As I prepared to go out to a function, I picked up my phone to place it in my bag. It had a message for me.

“You should be leaving now for the Gov. Hill Mansion. Traffic in Augusta is light, and you will be there in 10 minutes.”

This was interesting. Apparently my iPhone thought it was more organized than I am.

I went out to the car. We had a loaner, as a tire-store employee had backed a truck into our car while it was waiting to have snow tires installed. Our Prius is technologically advanced, but this Chevy Malibu was cutting edge.

As I started it up, a message appeared on the dashboard. “Be careful driving. It may be icy tonight.”

For a second, all I could think of was my favorite television character: Sheldon Cooper, of “The Big Bang Theory.” He thinks any robot uprising will be led by ATMs. But maybe it’s really going to begin with cars.


I am not one of those adults who thinks kids know more about technology than I do. I work with young people, and sometimes I have to tell them how to do things. For example, it may be surprising to some people (although not me) that many teenagers do not know how to locate a printer on a networked computer.

Yes, I am comfortable with technology. I don’t always understand it, but I can use it. I’m just not sure I want my gadgets to tell me what to do.

As an Apple devotee, I use Microsoft Outlook only at work. I have gotten used to reminders showing up on my calendar and then insistently alerting me when the time to hustle is nigh.

The connection is simple to comprehend. I have responded to an e-mailed meeting invitation, so it pops up on my calendar.

But why, one day at home, while I was getting a call on my iPhone, did a message appear on my MacBook Pro, alerting me to who was calling? I have no idea.

We, as a society, have ceded a lot of power to our technological devices. Look at the messes GPS gets drivers into. On one snowy day in December, the Kennebec Journal reported, a trucker went the wrong way down Water Street and another driver slid down a snowy hill. Their GPS told them to do it.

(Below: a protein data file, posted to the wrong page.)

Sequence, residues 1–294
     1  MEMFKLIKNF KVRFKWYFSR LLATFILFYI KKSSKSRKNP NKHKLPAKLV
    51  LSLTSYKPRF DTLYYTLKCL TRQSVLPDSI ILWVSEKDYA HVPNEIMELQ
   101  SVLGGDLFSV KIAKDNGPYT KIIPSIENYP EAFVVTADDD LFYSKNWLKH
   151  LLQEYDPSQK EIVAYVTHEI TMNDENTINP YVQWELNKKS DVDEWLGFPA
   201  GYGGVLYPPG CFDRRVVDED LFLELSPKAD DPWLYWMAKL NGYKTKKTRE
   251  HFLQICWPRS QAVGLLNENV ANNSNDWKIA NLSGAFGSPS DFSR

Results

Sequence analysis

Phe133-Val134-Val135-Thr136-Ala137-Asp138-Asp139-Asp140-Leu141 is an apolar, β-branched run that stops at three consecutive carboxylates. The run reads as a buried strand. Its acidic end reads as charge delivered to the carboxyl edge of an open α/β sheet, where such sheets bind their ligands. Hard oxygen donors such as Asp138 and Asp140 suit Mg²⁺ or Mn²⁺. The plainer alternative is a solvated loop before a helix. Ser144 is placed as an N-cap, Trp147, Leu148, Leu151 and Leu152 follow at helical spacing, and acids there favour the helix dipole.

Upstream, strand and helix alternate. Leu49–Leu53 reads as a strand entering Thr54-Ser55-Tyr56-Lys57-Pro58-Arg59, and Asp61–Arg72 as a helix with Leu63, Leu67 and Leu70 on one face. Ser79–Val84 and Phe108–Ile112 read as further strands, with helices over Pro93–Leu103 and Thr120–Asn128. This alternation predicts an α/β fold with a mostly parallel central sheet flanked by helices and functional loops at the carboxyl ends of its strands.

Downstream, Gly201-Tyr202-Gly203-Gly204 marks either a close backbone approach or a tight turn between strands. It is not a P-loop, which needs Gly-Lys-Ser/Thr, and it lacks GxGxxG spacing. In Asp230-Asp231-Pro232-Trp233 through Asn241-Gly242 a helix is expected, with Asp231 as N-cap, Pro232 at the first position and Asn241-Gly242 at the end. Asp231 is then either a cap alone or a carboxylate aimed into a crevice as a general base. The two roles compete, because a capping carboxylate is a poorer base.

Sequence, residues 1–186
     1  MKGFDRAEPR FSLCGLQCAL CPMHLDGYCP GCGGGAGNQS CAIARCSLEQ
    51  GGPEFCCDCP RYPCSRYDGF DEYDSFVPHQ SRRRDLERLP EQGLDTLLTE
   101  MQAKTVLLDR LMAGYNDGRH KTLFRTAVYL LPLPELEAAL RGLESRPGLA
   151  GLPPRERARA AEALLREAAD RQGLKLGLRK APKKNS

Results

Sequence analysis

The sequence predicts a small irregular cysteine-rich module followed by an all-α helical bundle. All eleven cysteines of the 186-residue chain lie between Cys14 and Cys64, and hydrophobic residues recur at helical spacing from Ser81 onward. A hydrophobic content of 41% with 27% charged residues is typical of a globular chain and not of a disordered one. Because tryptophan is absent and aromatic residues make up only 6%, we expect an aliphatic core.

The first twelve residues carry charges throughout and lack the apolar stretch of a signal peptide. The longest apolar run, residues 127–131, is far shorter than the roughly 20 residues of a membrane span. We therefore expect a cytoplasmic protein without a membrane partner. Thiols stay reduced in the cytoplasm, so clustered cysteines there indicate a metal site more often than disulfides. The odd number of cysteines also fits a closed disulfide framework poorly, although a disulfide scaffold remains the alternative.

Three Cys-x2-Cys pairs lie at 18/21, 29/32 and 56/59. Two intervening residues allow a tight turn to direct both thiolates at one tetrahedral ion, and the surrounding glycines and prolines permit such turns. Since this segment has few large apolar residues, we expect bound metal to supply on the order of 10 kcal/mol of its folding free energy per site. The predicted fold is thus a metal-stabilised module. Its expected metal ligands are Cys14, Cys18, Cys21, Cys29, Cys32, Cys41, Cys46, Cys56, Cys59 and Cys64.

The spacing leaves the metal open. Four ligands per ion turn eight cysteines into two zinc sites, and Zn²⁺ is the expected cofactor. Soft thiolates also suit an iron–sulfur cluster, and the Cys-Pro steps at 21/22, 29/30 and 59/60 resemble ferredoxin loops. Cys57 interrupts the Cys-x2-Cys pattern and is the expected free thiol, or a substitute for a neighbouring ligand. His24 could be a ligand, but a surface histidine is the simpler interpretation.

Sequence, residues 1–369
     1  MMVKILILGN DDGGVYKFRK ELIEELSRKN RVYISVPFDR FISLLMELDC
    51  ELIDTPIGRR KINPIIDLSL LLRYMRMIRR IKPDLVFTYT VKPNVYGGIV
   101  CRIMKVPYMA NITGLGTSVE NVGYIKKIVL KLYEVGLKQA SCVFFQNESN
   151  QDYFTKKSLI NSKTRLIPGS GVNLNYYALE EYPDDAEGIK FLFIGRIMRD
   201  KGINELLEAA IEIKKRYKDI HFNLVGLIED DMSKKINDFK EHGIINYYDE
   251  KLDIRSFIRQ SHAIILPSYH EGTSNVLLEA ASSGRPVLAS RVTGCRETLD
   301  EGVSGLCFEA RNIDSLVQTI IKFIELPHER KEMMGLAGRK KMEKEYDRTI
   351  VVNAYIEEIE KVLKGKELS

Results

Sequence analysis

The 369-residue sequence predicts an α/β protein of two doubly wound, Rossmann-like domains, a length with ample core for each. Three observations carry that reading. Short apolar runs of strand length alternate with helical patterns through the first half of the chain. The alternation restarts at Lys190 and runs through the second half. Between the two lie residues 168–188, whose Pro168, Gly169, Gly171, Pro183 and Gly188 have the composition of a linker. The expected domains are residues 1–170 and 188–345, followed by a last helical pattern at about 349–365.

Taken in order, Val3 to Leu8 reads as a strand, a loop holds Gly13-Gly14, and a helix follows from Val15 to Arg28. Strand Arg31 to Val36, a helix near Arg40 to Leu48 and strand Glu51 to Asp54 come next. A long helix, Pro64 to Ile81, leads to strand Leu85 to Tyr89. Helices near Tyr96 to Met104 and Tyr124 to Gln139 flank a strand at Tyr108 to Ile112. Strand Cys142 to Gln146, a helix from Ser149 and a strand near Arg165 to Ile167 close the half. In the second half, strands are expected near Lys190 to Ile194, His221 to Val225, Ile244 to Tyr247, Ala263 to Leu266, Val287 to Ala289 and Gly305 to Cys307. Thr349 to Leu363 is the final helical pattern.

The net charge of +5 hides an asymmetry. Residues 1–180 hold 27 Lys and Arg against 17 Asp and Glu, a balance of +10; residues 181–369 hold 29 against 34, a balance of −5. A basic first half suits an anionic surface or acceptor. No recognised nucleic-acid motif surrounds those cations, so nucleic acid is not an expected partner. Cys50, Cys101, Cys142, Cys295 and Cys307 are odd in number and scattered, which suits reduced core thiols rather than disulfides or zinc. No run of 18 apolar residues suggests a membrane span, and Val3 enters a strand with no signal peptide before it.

Well, my GPS is not the boss of me. Look how it tells me to go west when I am in an unfamiliar place. When it’s pitch dark out. Do you know how I determine direction? The house in which I grew up faced west. To the right was North Street. To the left was South Street. We lived on East County Street, which was on the right of County Street while facing north. If I have one direction, I can figure out the rest.

Do you hear me, Voice? I need one direction. OMG — that makes me sound like a tween.

I got carried away there. It is preferable that I remain smarter than my GPS. My GPS should not have all the answers. Right?

Baby boomers enjoy recalling what life was like before technology took over. We did survive, but it wasn’t always pretty. I was 7 or so when my preschooler sister stuck her hand in the blades of a rotary lawn mower. She nearly severed a finger.

I was already on the school bus when Mom dashed off to the hospital. So I came home to an empty house with a hallway and bathroom sink splattered with blood.

The neighbor who was supposed to intercept me at the bus stop stuck her head inside the back door and merrily sang out, “Yoo-hoo,” before I had a chance to faint.


Today’s moms would text the older child while the younger one was being stitched up. Is this really better, though? After all, I got cookies and milk at the neighbor’s house.

Once at my recent function in Augusta, I heard others marveling at how their iPhones had given them their travel information. Apparently, this is something iPhones do now.

I don’t care enough to find out how it’s done. I knew how long it was going to take me to get to State Street, and after living in Augusta for more than 25 years. I knew that traffic was not going to be light at 4 p.m., especially since I was going through two roundabouts.

Take that, Voice, or whoever you are. Whatever, I mean. Whatever.

Liz Soares of Augusta welcomes e-mail at [email protected]

Only subscribers are eligible to post comments. Please subscribe or login first for digital access. Here’s why.

Use the form below to reset your password. When you've submitted your account email, we will send an email with a reset code.